Feb 21, 2020 - Technology

How art can help us understand AI

Ina Fried

Photo: Ina Fried/Axios

Activists and journalists have been telling us for years that we are handing too much of our human autonomy over to machines and algorithms. Now artists have a showcase in the heart of Silicon Valley to highlight concerns around facial recognition, algorithmic bias and automation.

Why it matters: Art and technology have been partners for millennia, as Steve Jobs liked to remind us. But the opening of "Uncanny Valley: Being Human in the Age of AI" tomorrow at the de Young Museum in San Francisco's Golden Gate Park puts art in the role of technology's questioner, challenger — and sometimes prosecutor.

The big picture: "Uncanny Valley" confronts exhibition goers with powerful images of data monetization, algorithmic bias and the loss of humanity.

For one of several pieces in the exhibit, Agnieszka Kurant relied on millions of collaborators.

  • Titled "AAI" (short for "artificial artificial intelligence," a Jeff Bezos coinage referring to human-powered pseudo-AI), the piece consists of several colorful mounds that were constructed over several months by different colonies of termites out of a range of materials including sand, gold particles and broken crystals.
  • Kurant said the piece is inspired by the exploitation of labor in late capitalism, as well as the mining of rare materials.
  • "Essentially these sculptures are models for this hidden exploitation and the entire society becoming one gigantic factory," Kurant said.

Another piece by Kurant, "Conversions #1," uses sentiments from tweets from activists around the world to manipulate liquid crystal paint on an interactive canvas.

  • "Even our protests against the status quo are becoming a source of extraction of information about us and are becoming monetized," Kurant said.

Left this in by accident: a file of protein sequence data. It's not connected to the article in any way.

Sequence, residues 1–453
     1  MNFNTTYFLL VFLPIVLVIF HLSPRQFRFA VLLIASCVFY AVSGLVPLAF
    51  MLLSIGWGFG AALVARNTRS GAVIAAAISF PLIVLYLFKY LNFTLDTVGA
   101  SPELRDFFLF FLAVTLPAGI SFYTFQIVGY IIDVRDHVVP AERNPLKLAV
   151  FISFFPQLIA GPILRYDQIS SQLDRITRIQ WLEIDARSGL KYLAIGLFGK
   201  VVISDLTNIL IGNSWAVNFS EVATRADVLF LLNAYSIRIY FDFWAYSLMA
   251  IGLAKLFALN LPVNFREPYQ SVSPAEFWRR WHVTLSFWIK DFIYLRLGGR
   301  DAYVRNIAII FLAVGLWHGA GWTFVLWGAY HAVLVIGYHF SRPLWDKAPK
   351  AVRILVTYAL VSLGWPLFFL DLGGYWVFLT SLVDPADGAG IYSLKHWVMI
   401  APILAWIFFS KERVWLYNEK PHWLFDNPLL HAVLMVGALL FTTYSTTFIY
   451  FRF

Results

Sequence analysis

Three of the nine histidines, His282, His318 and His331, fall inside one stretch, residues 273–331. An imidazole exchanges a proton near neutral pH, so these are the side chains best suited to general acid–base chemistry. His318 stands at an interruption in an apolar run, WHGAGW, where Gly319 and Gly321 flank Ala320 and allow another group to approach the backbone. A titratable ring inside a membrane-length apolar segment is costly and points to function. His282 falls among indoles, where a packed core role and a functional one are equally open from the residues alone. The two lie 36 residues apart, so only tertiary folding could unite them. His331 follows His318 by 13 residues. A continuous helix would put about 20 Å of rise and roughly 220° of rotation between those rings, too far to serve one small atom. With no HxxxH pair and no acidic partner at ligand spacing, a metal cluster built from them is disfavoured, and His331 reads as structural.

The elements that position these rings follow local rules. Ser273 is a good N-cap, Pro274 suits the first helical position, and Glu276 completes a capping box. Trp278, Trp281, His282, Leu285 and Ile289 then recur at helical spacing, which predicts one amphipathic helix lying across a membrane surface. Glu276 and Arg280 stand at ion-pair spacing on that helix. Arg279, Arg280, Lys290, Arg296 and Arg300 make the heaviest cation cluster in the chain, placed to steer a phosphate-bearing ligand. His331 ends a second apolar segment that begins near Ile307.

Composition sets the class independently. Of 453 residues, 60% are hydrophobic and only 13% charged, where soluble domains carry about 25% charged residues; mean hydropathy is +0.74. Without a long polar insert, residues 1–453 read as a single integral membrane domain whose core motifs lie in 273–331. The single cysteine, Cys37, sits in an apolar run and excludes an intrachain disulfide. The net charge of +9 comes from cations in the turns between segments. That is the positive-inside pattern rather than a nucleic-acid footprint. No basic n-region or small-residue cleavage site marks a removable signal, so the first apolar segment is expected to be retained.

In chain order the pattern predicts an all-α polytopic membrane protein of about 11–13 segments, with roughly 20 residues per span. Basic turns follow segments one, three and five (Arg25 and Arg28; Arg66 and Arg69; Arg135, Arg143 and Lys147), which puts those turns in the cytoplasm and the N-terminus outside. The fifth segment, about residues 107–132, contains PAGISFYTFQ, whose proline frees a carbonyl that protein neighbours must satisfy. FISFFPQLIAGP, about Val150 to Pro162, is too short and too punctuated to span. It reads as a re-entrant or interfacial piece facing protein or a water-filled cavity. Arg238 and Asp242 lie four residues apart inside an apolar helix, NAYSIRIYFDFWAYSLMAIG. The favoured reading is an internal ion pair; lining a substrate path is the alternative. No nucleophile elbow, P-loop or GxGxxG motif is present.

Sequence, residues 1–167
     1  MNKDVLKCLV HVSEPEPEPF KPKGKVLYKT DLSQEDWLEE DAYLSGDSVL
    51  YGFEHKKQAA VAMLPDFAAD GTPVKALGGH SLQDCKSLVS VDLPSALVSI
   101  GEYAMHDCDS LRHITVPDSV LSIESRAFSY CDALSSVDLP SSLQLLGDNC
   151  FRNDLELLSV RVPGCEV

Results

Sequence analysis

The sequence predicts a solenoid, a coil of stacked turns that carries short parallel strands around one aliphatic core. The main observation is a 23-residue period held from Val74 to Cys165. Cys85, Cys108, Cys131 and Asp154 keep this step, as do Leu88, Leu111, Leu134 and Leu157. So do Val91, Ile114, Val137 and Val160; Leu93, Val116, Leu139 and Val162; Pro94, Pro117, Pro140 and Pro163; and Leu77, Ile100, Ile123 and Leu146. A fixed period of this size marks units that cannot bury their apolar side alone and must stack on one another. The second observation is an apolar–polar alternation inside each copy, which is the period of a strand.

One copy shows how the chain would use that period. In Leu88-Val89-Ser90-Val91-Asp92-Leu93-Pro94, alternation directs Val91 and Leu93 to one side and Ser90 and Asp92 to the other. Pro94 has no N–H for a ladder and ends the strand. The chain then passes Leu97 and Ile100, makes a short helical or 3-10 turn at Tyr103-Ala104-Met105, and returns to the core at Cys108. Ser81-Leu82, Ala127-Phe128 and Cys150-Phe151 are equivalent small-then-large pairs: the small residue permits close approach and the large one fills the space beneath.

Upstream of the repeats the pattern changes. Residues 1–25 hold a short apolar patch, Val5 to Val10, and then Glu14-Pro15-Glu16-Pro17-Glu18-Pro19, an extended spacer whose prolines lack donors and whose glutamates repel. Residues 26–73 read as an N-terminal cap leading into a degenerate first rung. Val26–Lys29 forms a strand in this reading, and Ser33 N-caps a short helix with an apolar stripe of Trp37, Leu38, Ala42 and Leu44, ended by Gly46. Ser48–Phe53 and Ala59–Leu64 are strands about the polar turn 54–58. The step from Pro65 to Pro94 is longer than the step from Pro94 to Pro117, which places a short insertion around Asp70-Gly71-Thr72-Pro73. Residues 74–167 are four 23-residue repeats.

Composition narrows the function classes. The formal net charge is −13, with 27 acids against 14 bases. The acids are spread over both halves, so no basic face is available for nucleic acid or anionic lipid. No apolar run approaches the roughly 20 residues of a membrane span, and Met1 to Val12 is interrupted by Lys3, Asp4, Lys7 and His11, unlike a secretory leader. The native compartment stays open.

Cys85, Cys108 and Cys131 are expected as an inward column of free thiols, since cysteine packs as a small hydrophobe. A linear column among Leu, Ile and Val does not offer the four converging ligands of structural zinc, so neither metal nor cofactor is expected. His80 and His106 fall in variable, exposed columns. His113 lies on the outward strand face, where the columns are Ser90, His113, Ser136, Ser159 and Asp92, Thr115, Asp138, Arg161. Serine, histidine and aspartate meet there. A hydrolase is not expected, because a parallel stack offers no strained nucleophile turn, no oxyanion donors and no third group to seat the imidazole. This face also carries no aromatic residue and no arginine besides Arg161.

Other pieces of note:

  • Simon Denny built a version of an Amazon patent — specifically a 2016 design for a cage to allow a human worker to navigate through an automated warehouse. Viewed through a phone app or an iPad supplied by the museum, the cage reveals a trapped King Island brown thornbill — an Australian endangered bird.
  • Trevor Paglen's "They Took the Faces from the Accused and the Dead" consists of hundreds of faces used to train an artificial intelligence engine, all without any of the subjects' consent. "What we are looking at here is dirty data," curator Claudia Schmuckli said.
  • Ian Cheng's "BOB (Bag of Beliefs)" presents an on-screen "virtual serpent" —inspired by the designs of animator Hayao Miyazaki — that viewers can interact with via a mobile app. Given enough attention and care, the critter will leave the exhibit's monitors and crawl onto spectators' own devices. The piece aims "to remind viewers that an AI entity like BOB should not be treated as omniscient or static. Rather, it should be approached like a child or an animal."
  • Lynn Hershman Leeson's piece "Shadow Stalker" illustrates the volume of personal information on the web. Enter your email and the exhibit starts showing a list of places you've been, people you know and your phone numbers (albeit with some parts redacted). Another piece from Leeson, a video, highlights the dangers of predictive policing.

"Tech is never neutral," said Schmuckli. "That is a myth."

My thought bubble: This exhibition has a way of cutting to the heart of the issues in ways that all of the legislative proposals and interest group statements don't, even as they raise similar concerns.

Details: The exhibit runs through Oct. 25. If you are going to be in the Bay Area between now and then, it's definitely worth checking out.

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